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Out of Control

The invention of autonomous control, like most inventions, has roots in ancient China. There, on a dusty windswept plain, a small wooden statue of a man in robes teeters upon a short pole. The pole is carried between a pair of turning wagon wheels, pulled by two red horses outfitted in bronze finery.

The statue man, carved in the flowing dresses of 9th-century China, points with outstretched hand towards a distant place. By the magic of noisy gears connecting the two wooden wheels, as the cart races along the steppes, the wooden man perched on the stick invariably, steadily, without fail, points south. When the cart turns left or right, the geared wheels calculate the change and swing the wooden man's (or is it a god's?) arm a corresponding amount in the opposite direction, negating the cart's shift and keeping the guide forever pointing to the south. With an infallible will, and on his own accord, the wooden figure automatically seeks south. The south-pointing chariot precedes a lordly procession, preventing the party from losing its way in the desolate countryside of old China.

How busy was the ingenious medieval mind of China! Peasant folk in the backwaters of southwestern China, wishing to temper the amount of wine downed in the course of a fireside toast, came upon a small device which, by its own accord, would control the rowdy spirits of the wine. Chou Ch'u-Fei, a traveler among the Ch'i Tung natives then, reported that drinking bouts in this kingdom had been perfected by means of a two-foot-long bamboo straw which automatically regulated wine consumption, giving large-throated and small-mouthed drinkers equal advantage. A "small fish made of silver" floated inside the straw. The downward weight of the internal metal float restricted the flow of warm plum wine if the drinker sucked too feebly (perhaps through intoxication), thereby calling an end for his evening of merriment. If he inhaled too boisterously, he also got nothing, as the same float became wedged upwards by force of the suction. Only a temperate, steady draw was profitable.

Upon inspection, neither the south-pointing carriage nor the wine straw are truly automatic in a modern (self-steering) sense. Both devices merely tell their human masters, in the most subtle and unconscious way, of the adjustment needed to keep the action constant, and leave the human to make the change in direction of travel or power of lung. In the lingo of modern thinking, the human is part of the loop. To be truly automatic, the south-pointing statue would have to turn the cart itself, to make it a south-heading carriage. Or a carrot would have to be dangled from the point of his finger so that the horses (now in the loop) followed it. Likewise the drinking straw would have to regulate its volume no matter how hard one sucked. Although not automatic, the south-pointing cart is based on the differential gear, a thousand-year-old predecessor to the automobile transmission, and an early prototype of modern self-pointing guns on an armored tank which aid the drivers inside where a magnetic compass is useless. Thus, these clever devices are curious stillbirths in our genealogy of automation. The very first truly automatic devices had actually been built long before, a millennia earler.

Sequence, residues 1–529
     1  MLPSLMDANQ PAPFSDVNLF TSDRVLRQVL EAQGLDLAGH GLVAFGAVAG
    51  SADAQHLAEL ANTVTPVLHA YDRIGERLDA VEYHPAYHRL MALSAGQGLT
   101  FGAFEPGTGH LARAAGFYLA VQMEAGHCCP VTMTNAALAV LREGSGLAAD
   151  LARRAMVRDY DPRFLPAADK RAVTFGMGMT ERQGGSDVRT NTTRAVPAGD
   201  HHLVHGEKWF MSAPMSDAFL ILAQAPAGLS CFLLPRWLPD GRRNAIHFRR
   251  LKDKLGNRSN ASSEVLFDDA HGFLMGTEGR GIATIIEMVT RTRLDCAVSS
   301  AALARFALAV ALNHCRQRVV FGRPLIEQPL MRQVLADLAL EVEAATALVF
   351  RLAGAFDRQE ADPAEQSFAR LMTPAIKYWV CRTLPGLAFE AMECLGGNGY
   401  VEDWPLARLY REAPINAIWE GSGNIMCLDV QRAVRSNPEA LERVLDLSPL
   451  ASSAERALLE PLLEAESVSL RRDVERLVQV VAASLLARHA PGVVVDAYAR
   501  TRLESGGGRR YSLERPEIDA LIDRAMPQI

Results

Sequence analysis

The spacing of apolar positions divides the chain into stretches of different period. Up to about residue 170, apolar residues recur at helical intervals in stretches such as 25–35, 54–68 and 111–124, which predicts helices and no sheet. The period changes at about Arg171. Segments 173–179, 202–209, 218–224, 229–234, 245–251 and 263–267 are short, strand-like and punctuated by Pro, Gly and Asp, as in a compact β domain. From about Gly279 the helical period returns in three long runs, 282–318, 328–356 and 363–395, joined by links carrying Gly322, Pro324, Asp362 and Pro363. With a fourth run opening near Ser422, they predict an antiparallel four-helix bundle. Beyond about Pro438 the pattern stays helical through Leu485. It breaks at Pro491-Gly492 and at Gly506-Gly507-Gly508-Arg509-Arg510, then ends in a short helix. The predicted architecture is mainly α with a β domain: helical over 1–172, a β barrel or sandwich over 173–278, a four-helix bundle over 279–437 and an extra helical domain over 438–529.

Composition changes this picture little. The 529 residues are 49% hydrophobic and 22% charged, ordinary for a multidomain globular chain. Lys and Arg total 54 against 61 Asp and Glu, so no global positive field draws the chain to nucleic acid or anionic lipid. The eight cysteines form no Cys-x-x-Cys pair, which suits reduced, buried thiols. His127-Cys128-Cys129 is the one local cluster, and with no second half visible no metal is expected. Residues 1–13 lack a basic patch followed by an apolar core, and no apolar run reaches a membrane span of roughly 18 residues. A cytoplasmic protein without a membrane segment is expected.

Ktesibios was a barber who lived in Alexandria in the first half of the third century B.C. He was obsessed with mechanical devices, for which he had a natural genius. He eventually became a proper mechanician -- a builder of artifactual creations -- under King Ptolemy II. He is credited with having invented the pump, the water organ, several kinds of catapults, and a legendary water clock. At the time, Ktesibios's fame as an inventor rivaled that of the legendary engineer Archimedes. Today, Ktesibios is credited with inventing the first honest-to-goodness automatic device.

Ktesibios's clock kept extraordinarily good time (for then) by self-regulating its water supply. The weakness of most water clocks until that moment was that as the reservoir of water propelling the drive mechanism emptied, the speed of emptying would gradually decrease (because a shallow level of water provides less pressure than a high level), slowing down the clock's movements. Ktesibios got around this perennial problem by inventing a regulating valve (regula) comprised of a float in the shape of a cone which fit its nose into a mating inverted funnel. Within the regula, water flowed from the funnel stem, over the cone, and into the bowl the cone swam in. The cone would then float up into the concave funnel and constrict the water passage, thus throttling its flow. As the water diminished, the float would sink, opening the passage again and allowing more water in. The regula would immediately seek a compromise position where it would let "just enough" water for a constant flow through the metering valve vessel.

Ktesibios's regula was the first nonliving object to self-regulate, self-govern, and self-control. Thus, it became the first self to be born outside of biology. It was a true auto thing -- directed from within. We now consider it to be the primordial automatic device because it held the first breath of lifelikeness in a machine.

It truly was a self because of what it displaced. A constant autoregulated flow of water translated into a constant autoregulated clock and relieved a king of the need for servants to tend the water clock's water vessels. In this way, "auto-self" shouldered out the human self. From the very first instance, automation replaced human work.

Ktesibios's invention is first cousin to that all-American 20th-century fixture, the flush toilet. Readers will recognize the Ktesibios floating valve as the predecessor to the floating ball in the upper chamber of the porcelain throne. After a flush, the floating ball sinks with the declining water level, pulling open the water valve with its metal arm. The incoming water fills the vessel again, raising the ball triumphantly so that its arm closes the flow of water at the precise level of "full." In a medieval sense, the toilet yearns to keep itself full by means of this automatic plumbing. Thus, in the bowels of the flush toilet we see the archetype for all autonomous mechanical creatures.

About a century later, Heron, working in the same city of Alexandria, came up with a variety of different automatic float mechanisms, which look to the modern eye like a series of wildly convoluted toilet mechanisms. In actuality, these were elaborate party wine dispensers, such as the "Inexhaustible Goblet" which refilled itself to a constant level from a pipe fitted into its bottom. Heron wrote a huge encyclopedia (the Pneumatica) crammed with his incredible (even by today's standards) inventions. The book was widely translated and copied in the ancient world and was influential beyond measure. In fact, for 2,000 years (that is, until the age of machines in the 18th century), no feedback systems were invented that Heron had not already fathered.